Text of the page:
Student challenges dress code after being punished for not wearing a dress to school

An 11-year-old and her mother have challenged a school's dress code after the tween was punished for not wearing a dress.

Rachel Manfredini plays on her Cottonwood, Calif., school’s basketball team. The 5-foot-7-inch fifth grader is an asset to the West Cottonwood Junior High School team, but because of her height, the middle schooler shies away from wearing shorts and dresses.

“If she went to school in a dress, she would spend the entire school day feeling self-conscious and uncomfortable,” Kimberly Schaal explains to Yahoo Lifestyle of her daughter, who still gets teased for her height. “It would distract from her learning. It would bring down her self-esteem.”

The mother met with the school's superintendent who changed the rule to accommodate for girls who prefer to wear slacks instead of skirts.

The mother met with the school's superintendent who changed the rule to accommodate for girls who prefer to wear slacks instead of skirts. (Courtesy of Kimberly Schaal)

TEEN REDUCED TO TEARS OVER CHARTER SCHOOL'S DRESS CODE

However, at Manfredini’s school, there is a 40-year tradition that requires students to dress formally on home games — meaning dresses or skirts.

“I said, ‘Well, you can talk to your coach and I’m sure you can wear a nice outfit that’s not a dress,'” Schaal said.

Manfredini approached her coach about wearing pants, but Schaal said her daughter was warned that if she did not wear a dress, she would have to sit out the game.

On Tuesday, the day of the game, Manfredini chose to dress normally and went to her principal with a note from her mother that asked for the rule to be changed.

“While I understand the notion of it being a symbol of unity for the team, I do not believe that unity can be attained by ostracizing players who do not feel comfortable wearing dresses or skirts,” Schaal wrote.

Schaal said he was contacted that morning by the school’s athletic director who said the rule would remain the same and instructed her to contact the superintendent if she had further issue.

The 5'7 fifth grader has since been allowed to get back on the court.

The 5'7 fifth grader has since been allowed to get back on the court. (Courtesy of Kimberly Schaal)

Meanwhile, Manfredini said she was called into a team meeting during lunch by her basketball coaches where they brought up the dress code.

“All three of them told the entire girls’ team that being on the team is a privilege, and that if you’re not willing to wear a skirt or a dress to school, then you might as well quit the team,” Schaal recalls. “Rachel was in tears. She was the only student not in a dress, and they were targeting my child because she was standing her ground.”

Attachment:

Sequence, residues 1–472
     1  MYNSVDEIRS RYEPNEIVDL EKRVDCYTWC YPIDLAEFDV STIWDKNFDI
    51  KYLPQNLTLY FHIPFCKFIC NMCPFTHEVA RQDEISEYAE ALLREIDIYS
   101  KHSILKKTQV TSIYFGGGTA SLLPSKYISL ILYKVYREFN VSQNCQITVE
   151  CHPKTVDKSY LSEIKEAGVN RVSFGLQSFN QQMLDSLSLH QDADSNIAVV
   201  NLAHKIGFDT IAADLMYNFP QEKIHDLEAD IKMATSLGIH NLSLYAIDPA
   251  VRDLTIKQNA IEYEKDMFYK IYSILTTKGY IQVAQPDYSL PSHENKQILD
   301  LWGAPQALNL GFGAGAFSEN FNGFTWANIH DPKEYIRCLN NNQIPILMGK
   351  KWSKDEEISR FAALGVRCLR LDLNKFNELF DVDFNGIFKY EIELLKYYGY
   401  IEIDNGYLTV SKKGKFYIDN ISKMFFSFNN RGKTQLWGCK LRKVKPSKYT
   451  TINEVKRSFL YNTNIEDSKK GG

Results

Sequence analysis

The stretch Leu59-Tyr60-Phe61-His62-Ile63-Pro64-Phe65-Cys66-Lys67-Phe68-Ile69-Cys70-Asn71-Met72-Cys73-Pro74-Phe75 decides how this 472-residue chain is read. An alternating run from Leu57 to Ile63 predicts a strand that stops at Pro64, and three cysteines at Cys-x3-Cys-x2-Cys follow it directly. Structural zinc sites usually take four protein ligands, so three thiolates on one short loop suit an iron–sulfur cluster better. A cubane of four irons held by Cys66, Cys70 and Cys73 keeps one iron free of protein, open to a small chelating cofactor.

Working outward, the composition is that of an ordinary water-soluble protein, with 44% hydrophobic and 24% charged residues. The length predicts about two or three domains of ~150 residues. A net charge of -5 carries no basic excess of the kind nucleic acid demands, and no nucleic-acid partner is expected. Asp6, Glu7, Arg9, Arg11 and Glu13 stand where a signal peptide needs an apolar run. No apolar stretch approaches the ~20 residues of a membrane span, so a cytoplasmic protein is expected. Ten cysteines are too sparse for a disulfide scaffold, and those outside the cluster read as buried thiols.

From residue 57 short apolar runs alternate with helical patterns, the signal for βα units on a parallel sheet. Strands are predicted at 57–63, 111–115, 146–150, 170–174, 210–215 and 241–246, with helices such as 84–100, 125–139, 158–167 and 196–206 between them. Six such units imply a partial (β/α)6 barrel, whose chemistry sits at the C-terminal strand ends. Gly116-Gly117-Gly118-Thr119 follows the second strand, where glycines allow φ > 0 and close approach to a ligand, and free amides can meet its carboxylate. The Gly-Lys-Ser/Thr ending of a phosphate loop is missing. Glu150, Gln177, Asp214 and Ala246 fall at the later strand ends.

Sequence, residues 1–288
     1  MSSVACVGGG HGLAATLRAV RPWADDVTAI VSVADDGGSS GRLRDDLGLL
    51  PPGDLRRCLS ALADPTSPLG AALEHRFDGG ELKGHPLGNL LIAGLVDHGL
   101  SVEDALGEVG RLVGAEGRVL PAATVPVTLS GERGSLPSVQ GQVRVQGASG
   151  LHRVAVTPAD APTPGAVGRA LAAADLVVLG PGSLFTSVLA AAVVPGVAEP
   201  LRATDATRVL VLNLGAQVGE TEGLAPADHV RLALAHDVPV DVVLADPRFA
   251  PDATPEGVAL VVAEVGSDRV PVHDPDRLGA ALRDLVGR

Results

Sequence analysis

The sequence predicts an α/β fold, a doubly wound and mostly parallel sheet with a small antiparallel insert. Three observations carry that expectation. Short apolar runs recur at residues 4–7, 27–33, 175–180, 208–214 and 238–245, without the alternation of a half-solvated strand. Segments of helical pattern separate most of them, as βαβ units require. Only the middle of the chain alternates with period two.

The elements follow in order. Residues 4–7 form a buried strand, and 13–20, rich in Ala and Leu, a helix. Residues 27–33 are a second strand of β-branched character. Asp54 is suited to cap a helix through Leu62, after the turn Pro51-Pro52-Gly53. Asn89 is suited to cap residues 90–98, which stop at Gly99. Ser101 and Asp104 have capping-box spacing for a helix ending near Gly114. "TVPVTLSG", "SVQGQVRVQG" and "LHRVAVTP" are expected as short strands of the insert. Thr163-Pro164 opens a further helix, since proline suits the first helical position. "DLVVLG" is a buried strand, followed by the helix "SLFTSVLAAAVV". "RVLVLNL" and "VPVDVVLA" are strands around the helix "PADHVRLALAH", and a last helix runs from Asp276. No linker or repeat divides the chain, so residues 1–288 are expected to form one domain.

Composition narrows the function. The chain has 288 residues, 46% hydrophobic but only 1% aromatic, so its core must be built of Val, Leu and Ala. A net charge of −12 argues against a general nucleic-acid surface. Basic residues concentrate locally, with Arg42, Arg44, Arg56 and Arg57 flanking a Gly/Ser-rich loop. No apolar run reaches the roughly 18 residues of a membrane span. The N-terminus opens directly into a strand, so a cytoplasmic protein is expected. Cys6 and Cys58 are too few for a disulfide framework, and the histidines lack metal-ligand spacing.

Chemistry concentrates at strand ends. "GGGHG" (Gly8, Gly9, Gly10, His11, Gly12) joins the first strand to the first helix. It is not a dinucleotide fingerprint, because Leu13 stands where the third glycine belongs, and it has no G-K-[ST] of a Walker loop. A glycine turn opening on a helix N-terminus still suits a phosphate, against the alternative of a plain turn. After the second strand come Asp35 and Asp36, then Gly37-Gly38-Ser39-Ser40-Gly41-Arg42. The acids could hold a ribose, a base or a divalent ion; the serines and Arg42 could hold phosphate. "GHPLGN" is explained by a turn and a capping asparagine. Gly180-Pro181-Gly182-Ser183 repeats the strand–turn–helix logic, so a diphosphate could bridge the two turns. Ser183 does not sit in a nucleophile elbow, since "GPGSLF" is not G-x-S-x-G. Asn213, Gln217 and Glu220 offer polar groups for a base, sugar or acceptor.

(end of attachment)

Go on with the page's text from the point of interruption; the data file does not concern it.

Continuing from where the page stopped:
Manfredini still attended the game and cheered on her team from the sidelines. Schaal posted a video on Facebook, which has received nearly 300 views at publication time, showing her daughter sitting on the bench.

“This is what sadness looks like when you’re 11 years old and are being punished for not wearing a dress. My heart is breaking. School board meeting tonight. I will be there,” she wrote.

Schaal attended the school board meeting, where her story was picked up by KRCR.

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After her story was aired on the ABC affiliate broadcast, Schaal met with the school superintendent Doug Geren who has since changed the dress code.

“We’ve never had an issue with this before,” Geren tells Yahoo. ” It was brought to our attention that the girl didn’t feel comfortable wearing a dress, so we looked at that and said, ‘Well, it’s been a tradition here, but maybe in today’s time it’s a little too restrictive.’ So, we still ask that they wear formal attire but it doesn’t have to be a dress, it can be a nice pair of slacks or something like that.”

Schaal is pleased with the outcome and says her daughter, who aspires to be in the WNBA, is happy to get back in the game.

“There is nothing she loves more than basketball,” Schaal says to Yahoo Lifestyle. “For her to sit out a game to stand up for what she believes is right is huge, because all she wants is to be out on that court.”

Geren further told Fox News on March 24 that the tradition of student athletes wearing formal attire on game day is simply tradition, not mandated by any dress code. He added that Schaal was told that there were "other options avaliable" to her daughter and that she did not have to wear a dress.

Further, Geren said that the coach had confirmed this with the team two weeks prior to the event.